Reason #4: Squatting In Front of The Mirror May Give You The Wrong Type of Visual Feedback
The visual feedback provided by looking in the mirror can in some instances provide inaccurate, confusing or distracting information.
For example, the mirror image you see is actually the reflection or mirror image of your body. It might sound silly but learning to correct your body position while looking at a reflection takes practice.
The visual feedback is also not the same angle that the three referees at a powerlifting meet will be looking at you from to determine whether you have achieved the necessary depth. I.e. it may appear like you are hitting depth looking into the mirror, but actually, when we look from the same angles as the seated referees front and side views, this may not be the case.
You may experience distractions looking into the mirror seeing other people moving around you. This is not the most valid reason to not use a mirror for a powerlifter as there could be people moving in front of you at a powerlifting meet. With that said, a lifter needs to learn to focus their gaze, attention and be able to tune these things out.
Reason #5: Processing Visual Feedback May Slow Down Your Lift
Under a heavier load, powerlifters are trying to squat as fast as they can. Their lifting may look slow to the untrained eye, but these athletes are moving relatively massive loads with the intention to move them as fast as possible. As a powerlifting squat rule, a lifter will try and squat as fast as they are able to without compromising technique, for example, a straight bar path.
Why are powerlifters trying to move the weight as fast as they are able to?
Because FORCE equals MASS multiplied by ACCELERATION.
You should be able to produce more force or lift more weight if you do your best to move it as fast as you can. Increased time under tension leads to greater fatigue.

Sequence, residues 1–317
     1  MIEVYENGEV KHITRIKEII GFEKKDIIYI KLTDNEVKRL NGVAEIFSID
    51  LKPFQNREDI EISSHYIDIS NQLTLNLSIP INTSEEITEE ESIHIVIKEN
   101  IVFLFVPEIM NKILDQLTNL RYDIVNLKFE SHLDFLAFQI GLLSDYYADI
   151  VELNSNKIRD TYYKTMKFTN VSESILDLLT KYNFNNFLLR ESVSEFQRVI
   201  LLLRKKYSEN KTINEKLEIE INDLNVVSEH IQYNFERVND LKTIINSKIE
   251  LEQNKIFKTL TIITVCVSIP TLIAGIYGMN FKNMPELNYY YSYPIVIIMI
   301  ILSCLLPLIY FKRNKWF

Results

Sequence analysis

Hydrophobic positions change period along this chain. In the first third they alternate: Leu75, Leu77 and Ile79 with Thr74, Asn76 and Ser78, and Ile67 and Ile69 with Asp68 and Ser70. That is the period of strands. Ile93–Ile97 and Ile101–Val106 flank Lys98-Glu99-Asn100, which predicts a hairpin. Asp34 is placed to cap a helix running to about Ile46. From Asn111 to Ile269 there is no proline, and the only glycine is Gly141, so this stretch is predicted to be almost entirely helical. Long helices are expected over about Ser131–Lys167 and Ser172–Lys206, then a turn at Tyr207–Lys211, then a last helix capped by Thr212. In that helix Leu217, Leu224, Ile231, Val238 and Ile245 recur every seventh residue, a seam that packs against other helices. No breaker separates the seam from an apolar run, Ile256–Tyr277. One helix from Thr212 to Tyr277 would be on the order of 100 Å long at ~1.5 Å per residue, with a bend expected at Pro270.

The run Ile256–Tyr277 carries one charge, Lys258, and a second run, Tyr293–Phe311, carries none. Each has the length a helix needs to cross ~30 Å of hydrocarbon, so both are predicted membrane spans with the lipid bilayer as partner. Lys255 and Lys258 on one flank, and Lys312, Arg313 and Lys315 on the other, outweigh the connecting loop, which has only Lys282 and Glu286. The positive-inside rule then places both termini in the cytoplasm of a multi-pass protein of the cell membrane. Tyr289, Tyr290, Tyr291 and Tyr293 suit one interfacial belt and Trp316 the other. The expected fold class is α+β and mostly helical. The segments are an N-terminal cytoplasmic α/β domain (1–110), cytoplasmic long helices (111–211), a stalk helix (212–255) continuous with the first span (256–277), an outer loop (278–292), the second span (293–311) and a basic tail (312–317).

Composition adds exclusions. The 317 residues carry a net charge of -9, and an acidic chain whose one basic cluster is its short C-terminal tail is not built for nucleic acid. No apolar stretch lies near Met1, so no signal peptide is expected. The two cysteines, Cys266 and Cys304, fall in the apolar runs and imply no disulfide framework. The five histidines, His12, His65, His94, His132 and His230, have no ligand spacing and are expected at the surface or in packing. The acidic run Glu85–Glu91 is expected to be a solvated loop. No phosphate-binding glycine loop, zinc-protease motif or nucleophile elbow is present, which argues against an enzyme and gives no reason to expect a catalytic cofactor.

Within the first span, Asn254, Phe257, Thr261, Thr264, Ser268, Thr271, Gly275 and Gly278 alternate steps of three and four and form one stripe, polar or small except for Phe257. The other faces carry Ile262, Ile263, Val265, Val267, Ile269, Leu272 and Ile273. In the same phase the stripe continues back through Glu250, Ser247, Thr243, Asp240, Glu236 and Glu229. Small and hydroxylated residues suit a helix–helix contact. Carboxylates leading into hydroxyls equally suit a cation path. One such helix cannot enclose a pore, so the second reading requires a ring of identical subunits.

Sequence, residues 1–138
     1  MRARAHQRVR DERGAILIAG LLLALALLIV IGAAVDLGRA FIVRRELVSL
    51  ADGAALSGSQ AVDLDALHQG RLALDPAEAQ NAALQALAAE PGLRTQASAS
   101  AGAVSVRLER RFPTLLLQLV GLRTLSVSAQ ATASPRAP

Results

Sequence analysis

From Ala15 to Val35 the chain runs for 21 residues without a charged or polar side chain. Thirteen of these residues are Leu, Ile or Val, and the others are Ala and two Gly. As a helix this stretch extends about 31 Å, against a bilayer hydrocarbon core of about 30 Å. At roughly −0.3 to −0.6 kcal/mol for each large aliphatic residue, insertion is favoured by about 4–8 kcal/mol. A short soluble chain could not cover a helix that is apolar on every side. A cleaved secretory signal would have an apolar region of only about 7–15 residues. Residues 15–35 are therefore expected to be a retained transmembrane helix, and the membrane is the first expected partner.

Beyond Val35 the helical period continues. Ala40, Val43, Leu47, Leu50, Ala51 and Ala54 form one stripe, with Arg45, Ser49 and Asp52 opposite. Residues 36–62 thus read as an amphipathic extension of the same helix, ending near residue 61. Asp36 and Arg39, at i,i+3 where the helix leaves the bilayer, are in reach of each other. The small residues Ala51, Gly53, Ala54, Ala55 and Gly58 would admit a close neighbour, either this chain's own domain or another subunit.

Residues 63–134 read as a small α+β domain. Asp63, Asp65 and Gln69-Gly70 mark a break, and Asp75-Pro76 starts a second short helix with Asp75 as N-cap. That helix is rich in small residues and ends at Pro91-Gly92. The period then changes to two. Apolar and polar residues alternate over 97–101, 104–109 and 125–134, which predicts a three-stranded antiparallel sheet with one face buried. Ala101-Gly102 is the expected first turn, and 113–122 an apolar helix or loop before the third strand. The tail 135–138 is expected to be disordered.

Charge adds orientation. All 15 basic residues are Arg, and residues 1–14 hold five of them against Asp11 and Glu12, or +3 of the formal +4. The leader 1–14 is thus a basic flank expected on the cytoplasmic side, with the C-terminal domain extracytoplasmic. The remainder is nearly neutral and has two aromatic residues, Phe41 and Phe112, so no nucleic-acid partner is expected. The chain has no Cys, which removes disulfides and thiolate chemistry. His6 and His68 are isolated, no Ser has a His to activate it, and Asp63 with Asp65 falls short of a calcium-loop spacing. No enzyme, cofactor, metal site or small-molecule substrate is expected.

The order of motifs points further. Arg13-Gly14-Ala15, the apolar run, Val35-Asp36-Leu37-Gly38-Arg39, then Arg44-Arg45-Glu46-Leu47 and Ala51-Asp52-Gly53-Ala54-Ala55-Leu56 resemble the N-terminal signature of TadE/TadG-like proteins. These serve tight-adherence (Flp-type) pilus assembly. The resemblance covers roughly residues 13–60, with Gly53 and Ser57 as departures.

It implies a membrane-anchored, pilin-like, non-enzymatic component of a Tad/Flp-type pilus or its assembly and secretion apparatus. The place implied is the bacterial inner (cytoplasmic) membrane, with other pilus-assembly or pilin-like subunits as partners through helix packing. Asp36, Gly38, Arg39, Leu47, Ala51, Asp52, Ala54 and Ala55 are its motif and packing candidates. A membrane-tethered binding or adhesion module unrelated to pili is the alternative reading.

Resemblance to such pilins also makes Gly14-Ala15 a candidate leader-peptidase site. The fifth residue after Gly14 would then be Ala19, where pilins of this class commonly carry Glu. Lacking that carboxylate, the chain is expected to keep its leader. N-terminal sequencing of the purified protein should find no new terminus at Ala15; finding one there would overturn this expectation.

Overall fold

Our visual system can actually process visual images remarkably quickly, but when you look into a mirror to correct movement, there is not just the processing of the visual image that takes place but also the feedback loops through other areas of the brain including the cerebellum, motor cortex and frontal cortex which determine the corrections that need to be made.
So, although visual feedback from a mirror could be used to improve your technique (good), the time it takes for the brain to process the visual information can slow the lift down (bad).
Practical Applications When Squatting Without a Mirror
Here are a few practical recommendations when deciding to squat without using a mirror:
Ditch the Mirror
First, let’s get you squatting without looking into the mirror. Options include:
- Moving the squat rack if it's transportable and turning it around
- If you cannot turn it around, change the hooks so you can face the other way
- If you cannot face the other way, cover up the mirror with a yoga mat or towel
- Consider moving to a powerlifting gym with no mirrors and great squat racks, after all, you love the sport and it’s a great investment (and not everyone likes to squat without a squat rack)
If looking in the mirror when you squat is not a good idea for powerlifting, what can you do to get feedback to improve your performance?
Film your lifts